“No,” I said darkly. (I must segue to add that this was the third time my GP had jumped to a conclusion without making any more investigation than a few pokes and a flurry of questions. That’s why I am currently and voluntarily without a GP.)
My wonderful but now slightly flummoxed technician said she would be sending the order for a blood test to my local lab, and in the mean time, this final session was on the house. She said I could call back in about three weeks for the results, and we would go from there.
After the session, I stared out the car window on the way home, realizing for the first time that it was very likely this had all been for nothing. That was the time my mother asked me, “Would you rather have this--or would you rather be fat?” Anything but this, I thought. Anything but a bearded freak--especially one who doesn’t know why she’s bearded.
I took the blood test as soon as I could, and called back in three weeks. My technician wasn’t there, but the woman who answered the phone was very confused about my request for my results, and said I should probably calling the dermatologist who referred me. I thought that was odd, because I had very little to do with that dermatologist since starting treatment. But I called his office, and the lady who answered that phone was just as baffled. She said the doctor was on vacation and she had no record of it here, but I should probably call whoever had ordered the test in the first place. Disheartened and more than a little annoyed, I can’t recall if I ever contacted anyone after that.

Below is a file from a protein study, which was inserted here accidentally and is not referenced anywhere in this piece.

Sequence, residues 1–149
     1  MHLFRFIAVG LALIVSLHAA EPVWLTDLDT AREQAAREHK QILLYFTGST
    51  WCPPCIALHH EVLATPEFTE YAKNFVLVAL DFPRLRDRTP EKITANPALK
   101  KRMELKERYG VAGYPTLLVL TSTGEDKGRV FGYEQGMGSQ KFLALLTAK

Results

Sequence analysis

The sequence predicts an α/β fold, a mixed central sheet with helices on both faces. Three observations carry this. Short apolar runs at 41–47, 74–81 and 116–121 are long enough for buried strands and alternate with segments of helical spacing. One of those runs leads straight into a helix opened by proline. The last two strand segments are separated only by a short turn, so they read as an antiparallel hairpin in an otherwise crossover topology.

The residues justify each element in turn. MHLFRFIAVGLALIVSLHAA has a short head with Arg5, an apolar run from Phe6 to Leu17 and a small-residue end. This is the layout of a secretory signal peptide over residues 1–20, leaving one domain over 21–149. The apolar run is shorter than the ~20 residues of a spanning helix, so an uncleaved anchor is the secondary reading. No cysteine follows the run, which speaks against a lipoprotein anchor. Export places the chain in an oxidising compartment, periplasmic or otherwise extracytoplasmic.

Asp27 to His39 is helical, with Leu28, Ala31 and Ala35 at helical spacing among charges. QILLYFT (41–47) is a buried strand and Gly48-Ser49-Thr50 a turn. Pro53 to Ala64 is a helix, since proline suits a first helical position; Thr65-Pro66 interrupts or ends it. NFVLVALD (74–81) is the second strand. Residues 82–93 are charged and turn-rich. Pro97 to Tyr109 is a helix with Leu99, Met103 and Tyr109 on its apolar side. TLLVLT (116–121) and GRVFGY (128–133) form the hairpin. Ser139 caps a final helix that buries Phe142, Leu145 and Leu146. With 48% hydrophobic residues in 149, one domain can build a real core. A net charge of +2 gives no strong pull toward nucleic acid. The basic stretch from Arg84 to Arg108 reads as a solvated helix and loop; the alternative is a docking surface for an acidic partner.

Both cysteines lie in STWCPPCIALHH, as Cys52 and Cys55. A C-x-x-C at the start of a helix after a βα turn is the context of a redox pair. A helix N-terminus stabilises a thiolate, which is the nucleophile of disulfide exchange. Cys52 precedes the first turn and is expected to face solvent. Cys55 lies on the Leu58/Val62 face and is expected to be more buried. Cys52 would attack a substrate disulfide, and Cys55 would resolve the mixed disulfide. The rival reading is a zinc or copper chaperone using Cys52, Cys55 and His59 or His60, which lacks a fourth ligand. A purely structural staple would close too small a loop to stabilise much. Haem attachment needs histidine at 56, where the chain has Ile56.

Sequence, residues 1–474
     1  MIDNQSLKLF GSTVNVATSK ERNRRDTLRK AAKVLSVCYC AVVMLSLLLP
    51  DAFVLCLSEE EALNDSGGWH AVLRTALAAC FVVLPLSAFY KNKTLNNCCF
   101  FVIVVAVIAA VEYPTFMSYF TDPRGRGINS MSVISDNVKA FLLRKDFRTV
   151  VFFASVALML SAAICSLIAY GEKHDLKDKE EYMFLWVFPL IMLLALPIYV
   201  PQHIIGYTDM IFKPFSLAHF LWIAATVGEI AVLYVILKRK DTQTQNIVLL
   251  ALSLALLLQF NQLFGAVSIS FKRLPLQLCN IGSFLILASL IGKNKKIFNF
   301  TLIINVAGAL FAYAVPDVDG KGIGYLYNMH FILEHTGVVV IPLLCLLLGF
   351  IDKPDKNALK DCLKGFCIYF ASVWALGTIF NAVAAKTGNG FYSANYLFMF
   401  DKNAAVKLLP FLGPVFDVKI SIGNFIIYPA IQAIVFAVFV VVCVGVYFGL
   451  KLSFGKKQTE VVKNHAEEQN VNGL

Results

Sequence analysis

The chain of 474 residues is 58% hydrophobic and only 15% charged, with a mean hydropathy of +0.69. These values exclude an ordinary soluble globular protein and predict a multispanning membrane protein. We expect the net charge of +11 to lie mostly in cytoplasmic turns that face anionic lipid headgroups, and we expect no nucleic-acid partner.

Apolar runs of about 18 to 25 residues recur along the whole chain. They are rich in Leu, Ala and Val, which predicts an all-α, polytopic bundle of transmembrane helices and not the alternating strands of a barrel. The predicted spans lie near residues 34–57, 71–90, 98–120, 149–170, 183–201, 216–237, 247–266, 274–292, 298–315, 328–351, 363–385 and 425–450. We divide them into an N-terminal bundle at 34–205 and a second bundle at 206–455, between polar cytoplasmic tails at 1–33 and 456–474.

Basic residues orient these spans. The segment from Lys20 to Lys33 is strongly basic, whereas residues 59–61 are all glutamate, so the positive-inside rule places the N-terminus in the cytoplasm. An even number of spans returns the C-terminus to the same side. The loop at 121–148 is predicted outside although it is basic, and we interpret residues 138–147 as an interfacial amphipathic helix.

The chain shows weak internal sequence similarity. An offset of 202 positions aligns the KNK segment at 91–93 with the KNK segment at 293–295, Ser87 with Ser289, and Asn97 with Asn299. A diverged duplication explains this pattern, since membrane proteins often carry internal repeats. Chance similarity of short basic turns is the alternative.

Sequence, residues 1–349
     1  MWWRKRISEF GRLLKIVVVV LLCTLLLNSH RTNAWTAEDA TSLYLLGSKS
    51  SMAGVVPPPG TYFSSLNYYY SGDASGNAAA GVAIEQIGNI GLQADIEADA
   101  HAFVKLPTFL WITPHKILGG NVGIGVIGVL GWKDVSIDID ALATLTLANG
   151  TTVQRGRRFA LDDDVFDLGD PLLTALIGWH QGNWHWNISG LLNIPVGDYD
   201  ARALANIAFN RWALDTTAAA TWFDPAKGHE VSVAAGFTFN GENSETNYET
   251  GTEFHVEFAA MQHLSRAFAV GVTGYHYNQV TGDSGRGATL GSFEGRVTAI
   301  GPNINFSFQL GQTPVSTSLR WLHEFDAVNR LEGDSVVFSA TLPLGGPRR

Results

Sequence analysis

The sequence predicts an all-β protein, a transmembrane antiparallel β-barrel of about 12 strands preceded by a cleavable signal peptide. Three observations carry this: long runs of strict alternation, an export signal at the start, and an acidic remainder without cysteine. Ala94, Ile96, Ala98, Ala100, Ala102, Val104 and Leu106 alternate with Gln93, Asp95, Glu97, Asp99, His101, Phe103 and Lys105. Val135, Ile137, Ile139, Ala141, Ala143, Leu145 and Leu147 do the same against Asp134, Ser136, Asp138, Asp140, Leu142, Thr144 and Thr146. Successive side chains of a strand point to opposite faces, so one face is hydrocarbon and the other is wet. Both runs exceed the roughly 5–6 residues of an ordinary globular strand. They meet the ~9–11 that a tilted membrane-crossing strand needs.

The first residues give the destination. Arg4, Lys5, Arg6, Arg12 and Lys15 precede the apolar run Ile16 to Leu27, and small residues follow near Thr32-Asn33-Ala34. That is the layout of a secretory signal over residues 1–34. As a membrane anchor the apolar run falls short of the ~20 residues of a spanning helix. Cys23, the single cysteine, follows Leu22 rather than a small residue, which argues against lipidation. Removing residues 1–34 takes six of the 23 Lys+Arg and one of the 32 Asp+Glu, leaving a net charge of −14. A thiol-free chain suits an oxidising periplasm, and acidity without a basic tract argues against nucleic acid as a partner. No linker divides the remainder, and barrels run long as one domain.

But then, after about four weeks, something curious happened. I took my washcloth away from my face and noticed several full hairs lying there, root and all. I scrubbed again. More came away. I peered into the mirror. Could it be there were less hairs than usual? I almost cried.
Gradually, the damaged follicles released their hairs and no new ones grew in. I still had the odd dark vellous strand, but the terminal ones had disappeared completely. That summer, I didn’t shave once, and rarely plucked. I went on a houseboat trip with my family and could wake up in the morning and climb right onto the top deck without having to worry about my face. I had three wonderful, carefree months, as far as my face was concerned.
Then fall came, and I began to have to pluck more. It was identical to my first onset of hirsutism. When I was spending far too long each morning plucking, I moved on to bleaching. And when bleaching became too much of a chore, and was turning the terminal hairs golden instead of blond, I went back to shaving. And here I am, nearly four years later, in the same boat I was when I started.
See, the thing is, I don’t know why this happened to me. I haven’t had the heart to break down doors to find out what happened to this rogue blood test. I can’t say that it’s not worth it either, because I had three months of freedom from all tweezers and blades, so something there was working for a while. The results have been even better for some, I’ve read. It is absolutely worth a try.
Would I do it again? Yes. If I had the money to spare and knew it might only give me a quarter of a year of hairlessness, you bet I would. In a twisted way, it was enjoyable to be doing something about the way I felt about myself.